Dear Lifehacker, We have paid a non-refundable deposit for some accommodation for 10 people for a weekend away in July. But now we need room for 18, which they can't accommodate, but they want to keep our deposit. Is this fair? Is this legal?
Tagged With consumer
Few things rile the Aussie consumer regulator as much as unsubstantiated claims that a product is "Australian made" when it isn't. The Australian Competition and Consumer Commission (ACCC) has just fined a manufacturer $20,400 for making fake origin and nutrition claims about a house brand juice it produced for a supermarket chain.
Hey Lifehacker, I recently bought a GoPro 4 from an online retailer (BecexTech). It never arrived and I have been stuck in a seemingly endless loop of emails with BecexTech customer support blaming Australia Post and refusing to refund the purchase. Australia Post tell me they never received the item in the first place, BecexTech tell me Australia Post have lost it. Someone is obviously wrong (or lying). How can I force BecexTech to refund my purchase?
Country of origin labelling is a hot topic in Australia right now, but the consumer regulator isn't entirely without teeth in this area. The Australian Competition and Consumer Commission (ACCC) has fined one manufacturer $10,200 for selling 'Aussie Beer' in a green and gold box that was actually made in China.
Hi Lifehacker, I recently bought a discounted bikini online and I want to exchange it for a smaller size, but the company's policy states that sale items cannot be exchanged or refunded. I didn't think simply swapping it over for a different size would be such a big deal, and just want to know my rights before I reply to them as I'm so frustrated!
Think that by signing a fixed-price contract for electricity or gas you'll know what the rate is for the life of the contract? Think again. The market regulator has confirmed that power companies have the right to change the rates charged on a fixed-price contract whenever they like -- even before the deal begins. What a ridiculous joke.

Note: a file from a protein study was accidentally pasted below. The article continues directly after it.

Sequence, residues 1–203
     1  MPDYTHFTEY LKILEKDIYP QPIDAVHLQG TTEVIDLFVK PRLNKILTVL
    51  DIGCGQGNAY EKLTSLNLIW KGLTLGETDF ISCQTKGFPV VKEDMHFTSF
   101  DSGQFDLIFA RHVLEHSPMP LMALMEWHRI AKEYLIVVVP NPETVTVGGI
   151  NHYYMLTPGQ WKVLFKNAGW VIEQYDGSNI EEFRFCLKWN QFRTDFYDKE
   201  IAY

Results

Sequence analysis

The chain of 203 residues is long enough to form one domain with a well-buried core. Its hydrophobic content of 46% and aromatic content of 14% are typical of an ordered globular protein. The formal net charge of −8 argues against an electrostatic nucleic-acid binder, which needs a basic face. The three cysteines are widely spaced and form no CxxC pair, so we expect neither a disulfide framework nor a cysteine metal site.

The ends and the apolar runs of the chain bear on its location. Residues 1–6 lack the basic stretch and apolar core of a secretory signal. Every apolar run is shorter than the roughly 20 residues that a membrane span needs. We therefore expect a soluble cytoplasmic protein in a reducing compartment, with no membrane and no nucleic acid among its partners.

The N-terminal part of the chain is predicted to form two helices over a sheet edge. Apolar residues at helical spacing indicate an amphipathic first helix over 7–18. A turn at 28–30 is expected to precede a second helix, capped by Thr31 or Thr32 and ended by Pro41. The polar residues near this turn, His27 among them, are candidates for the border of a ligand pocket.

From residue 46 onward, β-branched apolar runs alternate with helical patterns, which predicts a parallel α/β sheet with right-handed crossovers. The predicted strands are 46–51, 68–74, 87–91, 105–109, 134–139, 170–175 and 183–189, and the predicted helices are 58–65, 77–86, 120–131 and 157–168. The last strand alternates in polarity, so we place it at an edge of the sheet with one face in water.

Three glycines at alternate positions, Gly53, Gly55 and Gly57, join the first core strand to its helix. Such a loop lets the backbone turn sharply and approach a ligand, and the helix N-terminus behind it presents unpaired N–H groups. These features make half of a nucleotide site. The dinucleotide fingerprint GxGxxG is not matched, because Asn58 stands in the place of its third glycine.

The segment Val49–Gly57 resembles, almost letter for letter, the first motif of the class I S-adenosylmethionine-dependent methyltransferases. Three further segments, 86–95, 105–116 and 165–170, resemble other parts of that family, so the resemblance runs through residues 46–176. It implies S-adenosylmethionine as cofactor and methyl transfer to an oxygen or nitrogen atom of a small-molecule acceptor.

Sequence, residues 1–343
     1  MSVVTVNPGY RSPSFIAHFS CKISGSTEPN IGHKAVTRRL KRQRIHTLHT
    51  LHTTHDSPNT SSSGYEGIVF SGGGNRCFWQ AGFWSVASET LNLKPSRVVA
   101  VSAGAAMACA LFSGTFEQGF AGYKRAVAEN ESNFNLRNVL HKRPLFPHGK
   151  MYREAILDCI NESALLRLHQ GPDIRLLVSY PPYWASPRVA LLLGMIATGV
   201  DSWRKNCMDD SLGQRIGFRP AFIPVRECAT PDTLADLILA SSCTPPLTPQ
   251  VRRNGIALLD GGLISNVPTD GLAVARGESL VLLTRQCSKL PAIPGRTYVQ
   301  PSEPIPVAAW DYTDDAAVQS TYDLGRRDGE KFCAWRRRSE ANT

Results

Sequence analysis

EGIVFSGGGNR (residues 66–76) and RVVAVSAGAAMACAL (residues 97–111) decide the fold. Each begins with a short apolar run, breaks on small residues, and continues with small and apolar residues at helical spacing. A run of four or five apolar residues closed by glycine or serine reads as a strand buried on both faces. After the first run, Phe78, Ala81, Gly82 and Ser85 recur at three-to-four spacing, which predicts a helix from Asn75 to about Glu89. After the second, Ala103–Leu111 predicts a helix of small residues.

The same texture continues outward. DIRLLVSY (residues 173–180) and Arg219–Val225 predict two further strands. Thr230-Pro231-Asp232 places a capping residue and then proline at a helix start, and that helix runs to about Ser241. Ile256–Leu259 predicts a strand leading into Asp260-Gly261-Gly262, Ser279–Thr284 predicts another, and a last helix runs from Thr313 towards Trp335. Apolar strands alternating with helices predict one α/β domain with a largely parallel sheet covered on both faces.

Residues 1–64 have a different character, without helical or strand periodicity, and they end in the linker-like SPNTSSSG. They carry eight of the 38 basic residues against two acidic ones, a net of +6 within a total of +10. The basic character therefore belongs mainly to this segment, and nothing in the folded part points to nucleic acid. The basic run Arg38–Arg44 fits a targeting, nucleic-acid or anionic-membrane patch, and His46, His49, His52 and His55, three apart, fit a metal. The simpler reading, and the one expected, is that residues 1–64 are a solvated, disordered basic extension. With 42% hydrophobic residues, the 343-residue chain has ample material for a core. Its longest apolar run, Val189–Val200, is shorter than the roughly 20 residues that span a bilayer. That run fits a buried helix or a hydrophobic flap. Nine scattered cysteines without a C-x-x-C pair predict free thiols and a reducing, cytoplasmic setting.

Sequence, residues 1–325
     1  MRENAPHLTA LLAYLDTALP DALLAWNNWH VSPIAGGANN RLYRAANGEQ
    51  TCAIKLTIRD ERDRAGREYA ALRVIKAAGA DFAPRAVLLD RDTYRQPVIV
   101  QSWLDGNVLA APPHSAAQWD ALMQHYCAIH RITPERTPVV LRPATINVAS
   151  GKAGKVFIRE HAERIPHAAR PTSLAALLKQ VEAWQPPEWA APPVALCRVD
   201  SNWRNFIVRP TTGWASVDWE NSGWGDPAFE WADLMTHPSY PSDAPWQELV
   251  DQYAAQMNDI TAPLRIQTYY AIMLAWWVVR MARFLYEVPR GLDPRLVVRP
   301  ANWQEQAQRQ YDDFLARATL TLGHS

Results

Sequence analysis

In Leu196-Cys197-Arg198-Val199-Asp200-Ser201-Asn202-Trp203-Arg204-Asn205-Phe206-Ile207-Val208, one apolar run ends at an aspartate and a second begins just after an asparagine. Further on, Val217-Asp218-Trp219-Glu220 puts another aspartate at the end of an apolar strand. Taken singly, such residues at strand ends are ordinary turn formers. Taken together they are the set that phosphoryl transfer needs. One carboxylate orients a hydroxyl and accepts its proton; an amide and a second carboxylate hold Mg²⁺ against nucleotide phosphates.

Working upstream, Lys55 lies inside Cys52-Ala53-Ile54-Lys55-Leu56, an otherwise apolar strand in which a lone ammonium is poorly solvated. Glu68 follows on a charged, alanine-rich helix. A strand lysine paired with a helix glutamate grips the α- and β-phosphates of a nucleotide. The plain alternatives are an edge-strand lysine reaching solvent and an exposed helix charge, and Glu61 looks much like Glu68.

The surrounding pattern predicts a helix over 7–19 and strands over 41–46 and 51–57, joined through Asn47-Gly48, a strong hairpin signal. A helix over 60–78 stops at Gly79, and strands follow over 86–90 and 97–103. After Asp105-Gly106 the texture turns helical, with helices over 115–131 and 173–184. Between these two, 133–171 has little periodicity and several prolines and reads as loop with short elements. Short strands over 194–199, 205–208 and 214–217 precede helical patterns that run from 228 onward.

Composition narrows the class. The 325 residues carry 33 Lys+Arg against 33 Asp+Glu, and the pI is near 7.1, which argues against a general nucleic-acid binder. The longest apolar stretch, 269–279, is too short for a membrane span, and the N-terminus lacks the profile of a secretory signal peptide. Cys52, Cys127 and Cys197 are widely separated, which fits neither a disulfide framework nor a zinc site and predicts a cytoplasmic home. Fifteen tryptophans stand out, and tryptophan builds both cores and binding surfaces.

Hey Lifehacker, Recently I had a long-running warranty dispute with an electronics manufacturer. They "repaired" the item in question a few times but I was still having issues. In arranging a replacement, I had to sign and agree to not discuss the terms of the warranty with anyone but a lawyer. The provider claimed "neither party is responsible, but we are replacing the product to avoid ongoing dispute" in the paperwork.
Annual figures for complaints to the Telecommunications Industry Ombudsman (TIO) show that the number of complaints were down, but almost 140,000 of us still had problems bad enough to make involving the TIO necessary. Which providers received the most complaints?
Dear Lifehacker, I have recently booked a holiday abroad through a large travel agency. When the confirmation was sent through we have seen that we have to pay the hotel a surcharge for facilities and another surcharge for house cleaning services. Both of these amounts will have tax on top and are to be paid locally to the hotel. When we booked the travel through the Australian travel agency we were not informed of these costs and were not made aware of these extras. Is it legal for extras to be included in this way, or does it break rules about pricing?
The ACCC's recent decision to take Valve to court highlighted that we have well-defined consumer rights in Australia which big businesses ignore at their peril. It's worth knowing what those rights are -- but it's also helpful to know what you can't do. Here's a refresher on some of the most common misconceptions.
Dear Lifehacker, What are my consumer rights when buying a refurbished product from a business in Australia? How does it affect the warranty? I'm looking at some refurbished TVs from a reputable Australian dealer. The stated warranty is for 3 months, which doesn't really seem "reasonable" for a TV, especially if you are still paying $1500-$2000 for it. What would the options be if the TV developed a fault which wasn't listed in the description outside of that period?